Magnetic fields are thought to play an important role in the formation of stars. However, that importance has been called into question by previous observations showing misalignment between protostellar outflows and magnetic fields (B-fields), as well as inconsistency in field morphology between 10,000 and 1000 AU scales. To investigate these inconsistencies, we used the 1.3 mm full-Stokes polarimeter — which I tested, installed, and calibrated for CARMA, a mm-wave interferometer — to map dust polarization with ~2.5" resolution toward 29 star-forming cores and 8 star-forming regions as part of the TADPOL survey. We find that a subset of the sources have consistent B-field orientations between the large 20") scales measured by single-dish submm bolometers and the small scales measured by CARMA. Those same sources also tend to have higher fractional polarizations (measured by CARMA), presumably because the B-fields are less twisted by dynamic effects. However, even in these sources, which seem to have retained the memory of the global B-field direction, the fields in the cores are misaligned with the disks and outflows in the central protostars — a key result of the TADPOL survey. Furthermore, the cores with lower polarization fractions tend to have B-fields that are perpendicular to outflows, which suggests that in these sources the B-fields have lost the memory of the larger-scale global field, and have been wrapped up by core rotation. This is an important result for disk formation theory, as it suggests that field misalignment may indeed be the solution to the magnetic braking catastrophe. Finally, we find that all sources exhibit the so-called “polarization hole” effect, where the polarization drops significantly near the total intensity peak. When this effect was seen in low-resolution single-dish maps, it was attributed to the averaging of unresolved structure in the plane of the sky. However, the higher resolution maps we present here resolve these

  11. Early X- and HE γ-ray emission from the symbiotic recurrent novae V745 Sco & RS Oph.

    Delgado, L.; Hernanz, M.

    2017-10-01

    RS Oph was the first nova for which evidence of particle acceleration during its 2006 outburst was found. In recent years, several nova explosions - eight classical and two symbiotic recurrent novae - have been detected by Fermi/LAT at E>100 MeV. In most cases, this emission has been observed early after the explosion, around the optical maximum, and for a short period of time. The high-energy γ-ray emission is a consequence of π^{0} decay and/or Inverse Compton, which are related to particle (p and e^{-}) acceleration in the strong shock between the nova ejecta and the circumstellar matter. Our aim is to understand the acceleration process through the analysis of contemporaneous X-ray emission, and in particular, through the evolution of the shock wave. A deep analysis of early X-ray observations of the symbiotic recurrent novae V745 Sco (2014) by Swift/XRT, Chandra/HETG and NuStar, and RS Oph (2006) by XMM-Newton/EPIC and RGS, Swift/XRT and BAT and RXTE/PCA is presented taking into account the contemporaneous information from the IR and radio observations. This provides for the first time a global view of the early evolution of a nova remnant and its relationship with particle acceleration.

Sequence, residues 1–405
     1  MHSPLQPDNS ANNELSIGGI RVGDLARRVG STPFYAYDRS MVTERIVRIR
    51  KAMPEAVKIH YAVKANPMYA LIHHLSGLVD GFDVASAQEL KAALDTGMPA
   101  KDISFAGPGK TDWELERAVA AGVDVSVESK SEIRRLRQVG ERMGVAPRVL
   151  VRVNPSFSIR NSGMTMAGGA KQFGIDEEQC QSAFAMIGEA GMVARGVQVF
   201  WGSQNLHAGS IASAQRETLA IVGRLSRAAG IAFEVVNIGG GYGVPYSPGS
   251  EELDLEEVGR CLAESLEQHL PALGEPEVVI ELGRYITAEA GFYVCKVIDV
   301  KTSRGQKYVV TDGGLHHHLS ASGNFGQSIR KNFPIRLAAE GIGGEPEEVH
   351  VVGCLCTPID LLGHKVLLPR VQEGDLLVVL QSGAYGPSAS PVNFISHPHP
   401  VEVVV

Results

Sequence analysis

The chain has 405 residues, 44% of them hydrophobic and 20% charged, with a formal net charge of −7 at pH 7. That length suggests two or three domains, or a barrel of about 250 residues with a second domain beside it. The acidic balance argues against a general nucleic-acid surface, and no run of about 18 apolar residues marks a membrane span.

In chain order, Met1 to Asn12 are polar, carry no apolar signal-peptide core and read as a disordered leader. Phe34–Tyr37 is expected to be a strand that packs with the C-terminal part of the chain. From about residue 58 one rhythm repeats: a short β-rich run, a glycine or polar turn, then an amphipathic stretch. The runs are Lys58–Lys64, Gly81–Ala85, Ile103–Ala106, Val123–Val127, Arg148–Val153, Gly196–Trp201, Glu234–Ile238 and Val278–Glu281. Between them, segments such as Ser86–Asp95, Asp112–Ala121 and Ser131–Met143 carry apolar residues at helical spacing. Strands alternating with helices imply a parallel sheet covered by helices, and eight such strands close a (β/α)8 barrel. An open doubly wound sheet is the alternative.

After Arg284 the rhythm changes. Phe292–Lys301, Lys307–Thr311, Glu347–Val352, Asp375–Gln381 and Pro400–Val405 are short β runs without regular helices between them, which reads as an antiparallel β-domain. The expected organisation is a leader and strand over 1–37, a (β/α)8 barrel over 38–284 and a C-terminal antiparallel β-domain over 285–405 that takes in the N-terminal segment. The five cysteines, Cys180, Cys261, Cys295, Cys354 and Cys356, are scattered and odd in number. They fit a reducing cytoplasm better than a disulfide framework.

12. H{sub 2} EXCITATION STRUCTURE ON THE SIGHTLINES TO {delta} SCORPII AND {zeta} OPHIUCI: FIRST RESULTS FROM THE SUB-ORBITAL LOCAL INTERSTELLAR CLOUD EXPERIMENT

    France, Kevin; Nell, Nicholas; Kane, Robert; Green, James C. [Center for Astrophysics and Space Astronomy, University of Colorado, 389 UCB, Boulder, CO 80309 (United States); Burgh, Eric B. [SOFIA/USRA, NASA Ames Research Center, M/S N232-12, Moffett Field, CA 94035 (United States); Beasley, Matthew, E-mail: kevin.france@colorado.edu [Planetary Resources, Inc., 93 S Jackson St 50680, Seattle, WA 98104-2818 (United States)

    2013-07-20